WASHINGTON — Iraq's top corruption fighter, who's seeking U.S. asylum because of death threats against him, told a congressional panel Thursday that rising corruption cost Iraq $18 billion over the past three years, with enormous sums of oil revenues ending up in the hands of Sunni and Shiite militias.
Radhi Hamza al Radhi said Prime Minister Nouri al Maliki and his government prevented Radhi's U.S.-backed Commission on Public Integrity from taking action against top national officials, including current and former ministers.
"I want to thank the American people for trying to help my country. I want people to know that real corruption — from the highest to the lowest levels of government — is destroying my country," Rahdi, an Iraqi judge, said in a statement. "It is impossible to have both democracy and corruption at the same time."
The Bush administration has been looking to Maliki to create a national government that represents all Iraqis fairly, regardless of sect or ethnicity, in order to establish a peace that would allow American forces to return home.
Rep. Henry Waxman, D-Calif., chairman of the House Committee on Oversight and Government Reform, who called the hearing, said, "One of the keys to political reconciliation is combating corruption. ... An honest assessment of corruption in Iraq will provide insight into whether political progress is possible."
The Iraqi judge told the committee that 31 members of his staff and 12 of their family members were killed in Iraq. In one gruesome case, the father of one of his clerical workers, an 80-year-old man, was kidnapped and killed, and his body was found full of holes from a power drill. Another staffer's father's body was found hung on a meat hook.
"We have learned the hard way that the corrupt will stop at nothing," Radhi said.
Radhi said his commission was unable to investigate oil corruption. Sunni and Shiite militias control oil transport and distribution, he said, adding, "This has resulted in the Ministry of Oil effectively financing terrorism through these militias." He estimated oil corruption at $500 million.
The committee released a copy of two letters from Maliki's office to the Commission on Public Integrity that effectively ended an investigation of Maliki's cousin, Salam Audah Faleh, a former transportation minister.
Stuart Bowen, the special inspector general for Iraq reconstruction, who also has documented rising corruption in Iraq, said Radhi was the most prominent anti-corruption official in the country. "I found Judge Radhi my most reliable partner in carrying out my mission in Iraq," Bowen told the committee.
Radhi left Iraq on a business trip to the United States in August and resigned in September because of threats against him, including rocket attacks on his house.
While he and some of his staff were in the United States, "threats against me and my family in Iraq escalated to a point where, together with the immense pressure of the last two years from the highest levels of the Iraqi government," he "regretfully and painfully" decided to seek U.S. government protection, he said in his testimony.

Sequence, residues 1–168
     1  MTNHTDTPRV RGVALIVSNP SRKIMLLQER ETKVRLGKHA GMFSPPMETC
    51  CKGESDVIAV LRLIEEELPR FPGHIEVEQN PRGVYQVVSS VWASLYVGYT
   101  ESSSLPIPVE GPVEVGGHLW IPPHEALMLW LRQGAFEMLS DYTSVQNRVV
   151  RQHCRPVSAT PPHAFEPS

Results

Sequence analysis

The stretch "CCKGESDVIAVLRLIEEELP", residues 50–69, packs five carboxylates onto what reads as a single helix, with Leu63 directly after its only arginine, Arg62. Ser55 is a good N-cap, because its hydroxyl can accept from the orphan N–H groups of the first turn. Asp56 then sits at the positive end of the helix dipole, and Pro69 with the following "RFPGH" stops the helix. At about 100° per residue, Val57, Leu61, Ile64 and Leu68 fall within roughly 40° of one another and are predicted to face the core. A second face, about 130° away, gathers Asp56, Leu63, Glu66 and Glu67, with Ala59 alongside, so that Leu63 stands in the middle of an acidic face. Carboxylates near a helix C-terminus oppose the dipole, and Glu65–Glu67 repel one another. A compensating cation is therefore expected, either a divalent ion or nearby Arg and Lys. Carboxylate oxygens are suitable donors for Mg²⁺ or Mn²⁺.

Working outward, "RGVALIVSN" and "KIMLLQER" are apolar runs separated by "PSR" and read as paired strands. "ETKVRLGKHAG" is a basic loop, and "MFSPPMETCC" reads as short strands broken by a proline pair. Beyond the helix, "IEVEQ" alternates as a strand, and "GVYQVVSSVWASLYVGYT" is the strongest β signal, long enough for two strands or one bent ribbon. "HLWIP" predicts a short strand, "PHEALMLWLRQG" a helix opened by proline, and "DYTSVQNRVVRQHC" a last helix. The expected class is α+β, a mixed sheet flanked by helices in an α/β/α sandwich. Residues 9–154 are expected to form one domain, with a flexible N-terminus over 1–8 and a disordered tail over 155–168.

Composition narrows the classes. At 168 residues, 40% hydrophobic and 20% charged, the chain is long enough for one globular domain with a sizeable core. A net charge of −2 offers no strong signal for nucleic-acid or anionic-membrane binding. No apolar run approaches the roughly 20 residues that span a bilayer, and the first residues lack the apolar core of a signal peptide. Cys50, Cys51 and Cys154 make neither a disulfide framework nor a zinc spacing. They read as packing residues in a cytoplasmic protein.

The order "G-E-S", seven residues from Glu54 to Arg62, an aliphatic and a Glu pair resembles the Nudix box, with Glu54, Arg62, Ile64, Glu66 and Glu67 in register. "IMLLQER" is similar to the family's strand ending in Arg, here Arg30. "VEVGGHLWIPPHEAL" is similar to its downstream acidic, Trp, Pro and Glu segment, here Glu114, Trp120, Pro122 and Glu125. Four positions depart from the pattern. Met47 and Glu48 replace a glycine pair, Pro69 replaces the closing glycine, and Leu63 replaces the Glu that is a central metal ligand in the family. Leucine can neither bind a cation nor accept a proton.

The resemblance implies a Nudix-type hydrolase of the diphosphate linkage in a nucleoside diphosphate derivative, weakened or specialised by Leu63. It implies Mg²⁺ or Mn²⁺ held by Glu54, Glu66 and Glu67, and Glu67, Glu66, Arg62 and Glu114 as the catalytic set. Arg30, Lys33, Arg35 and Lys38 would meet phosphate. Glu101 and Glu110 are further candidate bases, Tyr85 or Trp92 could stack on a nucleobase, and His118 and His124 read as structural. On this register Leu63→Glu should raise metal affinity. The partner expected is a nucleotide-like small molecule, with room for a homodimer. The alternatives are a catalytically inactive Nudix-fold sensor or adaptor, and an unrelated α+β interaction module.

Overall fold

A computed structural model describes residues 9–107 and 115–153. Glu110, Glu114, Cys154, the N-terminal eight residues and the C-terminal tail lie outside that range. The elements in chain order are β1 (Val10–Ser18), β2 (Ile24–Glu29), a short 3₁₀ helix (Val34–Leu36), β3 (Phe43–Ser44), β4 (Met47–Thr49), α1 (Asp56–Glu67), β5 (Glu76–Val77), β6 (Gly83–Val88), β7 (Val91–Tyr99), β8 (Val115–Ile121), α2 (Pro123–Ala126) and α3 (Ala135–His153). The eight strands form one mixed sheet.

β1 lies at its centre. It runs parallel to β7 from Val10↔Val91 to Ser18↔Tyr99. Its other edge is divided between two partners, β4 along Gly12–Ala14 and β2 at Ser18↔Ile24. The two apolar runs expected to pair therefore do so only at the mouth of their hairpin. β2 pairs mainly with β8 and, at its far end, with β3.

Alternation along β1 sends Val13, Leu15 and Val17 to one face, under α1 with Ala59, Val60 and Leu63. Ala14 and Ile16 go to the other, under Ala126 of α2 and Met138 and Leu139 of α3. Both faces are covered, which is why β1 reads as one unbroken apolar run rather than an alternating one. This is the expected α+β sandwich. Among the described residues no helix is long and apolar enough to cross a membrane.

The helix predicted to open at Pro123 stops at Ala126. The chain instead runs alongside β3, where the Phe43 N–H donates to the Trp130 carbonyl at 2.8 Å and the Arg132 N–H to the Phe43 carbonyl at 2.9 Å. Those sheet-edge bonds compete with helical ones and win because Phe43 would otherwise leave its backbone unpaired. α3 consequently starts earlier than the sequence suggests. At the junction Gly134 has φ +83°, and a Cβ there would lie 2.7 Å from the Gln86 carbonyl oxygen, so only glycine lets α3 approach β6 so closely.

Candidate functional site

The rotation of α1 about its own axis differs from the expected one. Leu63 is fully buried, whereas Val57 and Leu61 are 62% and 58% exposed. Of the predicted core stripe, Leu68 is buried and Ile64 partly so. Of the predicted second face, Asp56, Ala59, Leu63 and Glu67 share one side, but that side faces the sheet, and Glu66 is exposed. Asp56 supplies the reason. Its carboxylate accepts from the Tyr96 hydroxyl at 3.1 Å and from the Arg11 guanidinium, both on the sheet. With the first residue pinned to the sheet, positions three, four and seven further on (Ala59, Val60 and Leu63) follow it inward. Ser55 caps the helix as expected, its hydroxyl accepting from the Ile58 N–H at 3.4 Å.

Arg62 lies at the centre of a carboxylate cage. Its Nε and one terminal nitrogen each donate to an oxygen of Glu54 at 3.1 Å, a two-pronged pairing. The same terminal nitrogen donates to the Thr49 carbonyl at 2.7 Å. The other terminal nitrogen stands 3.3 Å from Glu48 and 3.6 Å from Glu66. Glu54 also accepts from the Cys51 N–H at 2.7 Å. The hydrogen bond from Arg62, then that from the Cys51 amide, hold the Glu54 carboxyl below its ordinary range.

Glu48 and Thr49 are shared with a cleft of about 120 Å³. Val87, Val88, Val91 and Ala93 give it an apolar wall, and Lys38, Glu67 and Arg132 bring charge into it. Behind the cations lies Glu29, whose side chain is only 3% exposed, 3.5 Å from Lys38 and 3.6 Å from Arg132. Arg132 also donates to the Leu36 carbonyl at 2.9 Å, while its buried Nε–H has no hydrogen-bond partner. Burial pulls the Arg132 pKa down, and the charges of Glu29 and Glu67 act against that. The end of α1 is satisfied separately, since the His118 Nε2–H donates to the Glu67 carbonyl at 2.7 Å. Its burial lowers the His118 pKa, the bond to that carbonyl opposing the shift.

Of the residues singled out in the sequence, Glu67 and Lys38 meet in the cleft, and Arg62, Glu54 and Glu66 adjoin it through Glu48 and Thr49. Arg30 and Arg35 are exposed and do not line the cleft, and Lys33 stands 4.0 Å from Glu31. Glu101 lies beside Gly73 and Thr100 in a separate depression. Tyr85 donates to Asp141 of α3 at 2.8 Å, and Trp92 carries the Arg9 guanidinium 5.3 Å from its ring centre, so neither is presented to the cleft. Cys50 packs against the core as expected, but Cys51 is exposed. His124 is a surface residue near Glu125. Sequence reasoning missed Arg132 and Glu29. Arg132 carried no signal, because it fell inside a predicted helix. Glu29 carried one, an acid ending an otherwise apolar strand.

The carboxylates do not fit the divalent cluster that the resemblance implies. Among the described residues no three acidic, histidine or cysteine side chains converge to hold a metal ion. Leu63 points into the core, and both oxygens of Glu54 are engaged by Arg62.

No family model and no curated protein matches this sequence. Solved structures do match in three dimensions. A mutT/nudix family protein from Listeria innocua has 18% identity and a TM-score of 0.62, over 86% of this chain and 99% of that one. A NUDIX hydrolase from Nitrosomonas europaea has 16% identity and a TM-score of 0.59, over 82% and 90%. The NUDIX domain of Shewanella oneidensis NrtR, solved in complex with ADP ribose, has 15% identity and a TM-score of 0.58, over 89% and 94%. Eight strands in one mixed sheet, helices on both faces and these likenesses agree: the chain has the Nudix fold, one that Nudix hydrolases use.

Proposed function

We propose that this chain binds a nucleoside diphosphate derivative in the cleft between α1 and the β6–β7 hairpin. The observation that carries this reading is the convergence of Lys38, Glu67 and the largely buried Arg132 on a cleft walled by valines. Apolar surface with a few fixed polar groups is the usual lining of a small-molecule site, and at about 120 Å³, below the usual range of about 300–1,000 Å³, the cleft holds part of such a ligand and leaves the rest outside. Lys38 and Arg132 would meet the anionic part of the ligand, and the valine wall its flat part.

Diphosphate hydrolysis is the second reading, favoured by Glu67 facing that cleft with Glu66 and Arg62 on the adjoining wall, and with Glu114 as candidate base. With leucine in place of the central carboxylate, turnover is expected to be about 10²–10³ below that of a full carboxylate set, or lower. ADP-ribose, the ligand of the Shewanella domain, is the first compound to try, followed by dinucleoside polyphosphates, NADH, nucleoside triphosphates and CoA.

Rep. Dan Burton, R-Ind., asked Radhi, "Wasn't there corruption under Saddam Hussein?"
"Yes, sure," Radhi replied, speaking through a translator.
Radhi worked as a legal official during Saddam's rule, but wasn't a member of the ruling party and was twice jailed and tortured.
Bowen said Iraq's current criminal law allows Iraqi ministers to grant immunity from prosecution to any ministry employee accused of wrongdoing. He said Maliki has ordered that his office must grant permission before any minister or former minister can be investigated.
Lawrence E. Butler, a State Department official for the Middle East, told Waxman and the committee that he was prohibited by his agency's rules from publicly criticizing Maliki and the Iraqi government. When Waxman asked him whether Maliki had blocked corruption investigations or whether the Iraqi government had the will to root out corruption, Butler refused to answer publicly, but offered to respond in a classified briefing.
Butler argued that criticism of Maliki and his government would undermine U.S. relations with them and could endanger Americans working in Iraq.
"This goes to the heart of diplomatic relations and national security," Butler said.
"It goes to the heart of propaganda," Waxman retorted.
Waxman said he'd have a public "confrontation" with Secretary of State Condoleezza Rice, saying, "We're not going to accept that anything negative is classified, and anything positive is OK."
The Democratic staff of Waxman's committee released a memo that found "dysfunction and disarray" in the U.S. Embassy's anti-corruption efforts in Iraq. The memo found that the embassy had problems staffing anti-corruption efforts and that those efforts produced little. It quoted Arthur Brennan, who directed the embassy's Office of Accountability and Transparency earlier this year, as saying he wasn't aware of a coordinated U.S. strategy to fight corruption in Iraq.
Rep. Tom Davis, R-Va., said the embassy started its anti-corruption program a year ago, but it lacked strong leadership.
Bowen said U.S. support to Iraq's anti-corruption groups has been "disappointing."
Butler said Ambassador Ryan Crocker this week ordered a review of the embassy's anti-corruption work.